Mountain View Voice

- April 17, 2009

Curbing seasonal allergies

by Dr. Steven Rubinstein

Sneezing, a stuffy or runny nose and itchy eyes are the uncomfortable signs that allergy season is underway. Hay fever, also called allergic rhinitis, happens when your immune system overreacts to allergens found in the air you breathe.

Q: What's the worst season for allergy suffers?

A: Seasonal allergies are typically caused by plant pollens, and different plants release pollen at different times of the year. This means that the worst season for an individual allergy sufferer depends on what plant pollens he or she is allergic to.

In our area, juniper, cedar and cypress tree pollens are at their height from late January to early March, followed by oak pollens in March, and walnut, olive and grass pollens in late spring. If your symptoms are worse during the later summer or fall, it could signal an allergy to weed pollens.

To determine what may be causing your seasonal allergies, ask your doctor or see an allergy specialist.

Q: What can I do to control my seasonal allergy symptoms without taking medication?

A: There are many steps you can take to ease your seasonal allergy symptoms:

• Change your clothes and wash your hands after hiking to avoid bringing pollens into your home.

• Cover your bed pillows with allergy-proof liners that go between your pillow and the regular pillow cover. During allergy season, common year-round allergens like the dust mites found in all bedding can make symptoms worse. A pillow liner will help reduce added irritation from dust mites.

• Get rid of fabric couch pillows that can harbor allergens and dust mites. If you want pillows on your couch, choose leather or vinyl pillows.

• Keep windows closed from sunrise to mid-morning as pollen levels peak in the morning.

• Keep car windows up and use the "recirculate" air setting to keep pollen out of the car.

Q: What medications can help me control my allergies?

A: The most natural and effective medication you can use to ease allergy symptoms is an over-the-counter saline nose rinse such as Ocean Mist or Simply Saline. These rinses flush allergens and other irritants out of the nose before they can cause allergy symptoms.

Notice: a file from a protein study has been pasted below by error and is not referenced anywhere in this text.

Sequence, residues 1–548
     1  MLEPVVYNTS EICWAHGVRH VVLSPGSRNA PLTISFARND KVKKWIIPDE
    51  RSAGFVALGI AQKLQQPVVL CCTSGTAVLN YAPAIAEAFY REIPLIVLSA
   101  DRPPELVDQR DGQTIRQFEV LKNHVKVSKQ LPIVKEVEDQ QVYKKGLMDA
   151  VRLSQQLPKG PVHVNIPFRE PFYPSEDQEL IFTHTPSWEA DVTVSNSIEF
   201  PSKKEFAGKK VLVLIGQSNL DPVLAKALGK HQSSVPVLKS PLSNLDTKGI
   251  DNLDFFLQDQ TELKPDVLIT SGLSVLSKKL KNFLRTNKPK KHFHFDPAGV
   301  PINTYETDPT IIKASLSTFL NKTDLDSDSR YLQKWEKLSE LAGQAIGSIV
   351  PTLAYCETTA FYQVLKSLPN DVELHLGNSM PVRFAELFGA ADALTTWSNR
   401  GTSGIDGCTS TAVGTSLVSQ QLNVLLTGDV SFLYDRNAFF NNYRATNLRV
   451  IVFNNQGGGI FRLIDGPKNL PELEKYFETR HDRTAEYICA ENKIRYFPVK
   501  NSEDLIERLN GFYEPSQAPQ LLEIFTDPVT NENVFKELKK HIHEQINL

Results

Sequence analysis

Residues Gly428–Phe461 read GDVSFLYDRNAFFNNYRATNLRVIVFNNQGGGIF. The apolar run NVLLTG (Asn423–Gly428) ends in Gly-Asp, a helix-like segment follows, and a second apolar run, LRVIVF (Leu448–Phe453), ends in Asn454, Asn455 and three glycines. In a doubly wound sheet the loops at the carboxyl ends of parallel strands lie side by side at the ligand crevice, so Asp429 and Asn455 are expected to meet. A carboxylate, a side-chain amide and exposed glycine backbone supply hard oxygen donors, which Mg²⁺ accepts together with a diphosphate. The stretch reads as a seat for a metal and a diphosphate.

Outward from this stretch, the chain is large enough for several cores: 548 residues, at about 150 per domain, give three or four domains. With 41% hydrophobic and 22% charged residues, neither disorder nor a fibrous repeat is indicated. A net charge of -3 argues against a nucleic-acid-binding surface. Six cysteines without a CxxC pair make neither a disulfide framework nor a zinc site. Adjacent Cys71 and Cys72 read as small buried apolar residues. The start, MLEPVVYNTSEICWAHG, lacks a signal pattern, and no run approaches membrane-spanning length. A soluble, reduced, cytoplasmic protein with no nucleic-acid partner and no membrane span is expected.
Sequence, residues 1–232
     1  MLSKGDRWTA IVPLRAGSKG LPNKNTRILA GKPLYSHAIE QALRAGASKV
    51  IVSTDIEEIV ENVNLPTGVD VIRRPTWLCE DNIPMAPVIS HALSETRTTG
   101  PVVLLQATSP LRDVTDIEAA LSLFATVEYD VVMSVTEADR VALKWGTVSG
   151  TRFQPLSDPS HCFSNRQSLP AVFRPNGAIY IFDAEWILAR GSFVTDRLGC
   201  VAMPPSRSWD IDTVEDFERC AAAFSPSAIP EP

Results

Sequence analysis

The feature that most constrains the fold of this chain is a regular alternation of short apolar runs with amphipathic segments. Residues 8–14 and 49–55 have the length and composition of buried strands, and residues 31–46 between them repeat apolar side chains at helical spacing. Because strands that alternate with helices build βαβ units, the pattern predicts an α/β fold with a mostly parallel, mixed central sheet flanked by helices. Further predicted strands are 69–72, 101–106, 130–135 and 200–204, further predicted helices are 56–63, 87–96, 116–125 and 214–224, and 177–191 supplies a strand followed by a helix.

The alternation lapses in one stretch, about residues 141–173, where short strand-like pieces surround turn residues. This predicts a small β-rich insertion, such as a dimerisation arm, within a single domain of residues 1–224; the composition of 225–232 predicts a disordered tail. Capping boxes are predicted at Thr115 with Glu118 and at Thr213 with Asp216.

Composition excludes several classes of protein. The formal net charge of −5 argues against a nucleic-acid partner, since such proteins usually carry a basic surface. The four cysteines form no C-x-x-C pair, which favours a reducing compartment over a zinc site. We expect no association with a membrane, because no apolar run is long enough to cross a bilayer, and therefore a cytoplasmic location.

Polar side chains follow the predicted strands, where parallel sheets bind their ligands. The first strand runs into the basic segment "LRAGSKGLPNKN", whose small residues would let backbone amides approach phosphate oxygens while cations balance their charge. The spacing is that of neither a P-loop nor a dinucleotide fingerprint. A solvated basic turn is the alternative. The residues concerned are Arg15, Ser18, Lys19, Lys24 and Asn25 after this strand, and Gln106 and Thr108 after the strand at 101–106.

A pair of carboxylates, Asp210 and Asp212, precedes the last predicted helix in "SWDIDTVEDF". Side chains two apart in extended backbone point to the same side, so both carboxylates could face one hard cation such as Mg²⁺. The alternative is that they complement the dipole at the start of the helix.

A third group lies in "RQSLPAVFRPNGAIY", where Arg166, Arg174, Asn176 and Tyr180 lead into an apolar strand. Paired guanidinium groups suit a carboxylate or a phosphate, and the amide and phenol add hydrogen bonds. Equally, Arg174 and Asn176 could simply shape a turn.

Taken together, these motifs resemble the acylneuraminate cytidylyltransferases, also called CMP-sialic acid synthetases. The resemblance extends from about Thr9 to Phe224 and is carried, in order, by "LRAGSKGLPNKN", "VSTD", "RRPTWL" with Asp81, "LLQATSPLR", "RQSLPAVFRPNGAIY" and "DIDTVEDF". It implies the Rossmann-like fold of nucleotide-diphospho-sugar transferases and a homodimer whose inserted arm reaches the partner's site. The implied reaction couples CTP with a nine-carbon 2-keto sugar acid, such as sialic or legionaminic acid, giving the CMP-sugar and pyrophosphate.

Conventional allergy medications such as Claritin and Zyrtec are safe, available without a prescription and can ease allergy symptoms within an hour of taking them. In addition, prescription cortisone nose sprays, such as Nasonex or Flonase, can prevent the allergic reaction that causes allergy symptoms in the first place. However, it may take anywhere between a week and three months before you notice the sprays working.

Be careful using complementary or alternative allergy treatments as some of these products can interfere with conventional medicines prescribed by your doctor. Unlike conventional medicines, alternative and complementary medicines have not been tested by the Food and Drug Administration, and their effectiveness is based only on anecdotal evidence. Some herbal remedies can also cause allergic reactions.

Q: Can allergy shots eliminate year-round allergy symptoms?

A: Allergy shots, in which a patient builds up an immunity by receiving a shot containing a tiny dose of the substance he or she is allergic to, can be effective at minimizing allergy symptoms. However, they are a major investment of time and money. Fortunately, most allergy sufferers don't need them and can get effective relief from a combination of saline nose rinses, allergy medications, cortisone nose sprays and home changes such as using allergy-proof pillow liners.

Patients who continue to suffer from chronic year-round allergies or have very bad seasonal allergies year after year, despite having tried all regular allergy treatments, should consider allergy shots. The shots need to be administered at the allergist's office, as there is a very small risk the shots could cause an allergic reaction severe enough to require immediate medical treatment.

Steven Rubinstein, M.D., is a board-certified allergist with expertise in adult and pediatric allergic and related immunologic disorders at the Palo Alto Medical Foundation's Mountain View Center. Advice is not intended to take the place of an exam or diagnosis by a physician.


Posted by Angela Hey, Mountain View Voice Blogger
on Apr 20, 2009 at 9:53 pm

Angela Hey is a registered user.

Swim (Mountain View YMCA has open air warm pool), run an air filter in your bedroom, use saline solution in a Neti pot to clean sinuses (available from Whole Foods) and go to the beach!

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